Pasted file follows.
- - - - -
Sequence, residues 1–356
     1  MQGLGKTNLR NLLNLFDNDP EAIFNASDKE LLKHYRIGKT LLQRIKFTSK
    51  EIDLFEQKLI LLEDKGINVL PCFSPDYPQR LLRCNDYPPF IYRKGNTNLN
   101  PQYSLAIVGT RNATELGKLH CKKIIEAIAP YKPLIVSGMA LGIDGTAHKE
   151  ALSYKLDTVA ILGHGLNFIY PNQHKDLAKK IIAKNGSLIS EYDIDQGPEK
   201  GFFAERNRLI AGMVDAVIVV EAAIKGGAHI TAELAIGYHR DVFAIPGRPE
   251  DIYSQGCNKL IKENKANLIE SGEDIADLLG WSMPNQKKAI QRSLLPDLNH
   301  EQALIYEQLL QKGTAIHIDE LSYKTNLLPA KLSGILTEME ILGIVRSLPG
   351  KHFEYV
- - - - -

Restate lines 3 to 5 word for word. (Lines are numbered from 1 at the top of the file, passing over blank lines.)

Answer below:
    51  EIDLFEQKLI LLEDKGINVL PCFSPDYPQR LLRCNDYPPF IYRKGNTNLN
   101  PQYSLAIVGT RNATELGKLH CKKIIEAIAP YKPLIVSGMA LGIDGTAHKE
   151  ALSYKLDTVA ILGHGLNFIY PNQHKDLAKK IIAKNGSLIS EYDIDQGPEK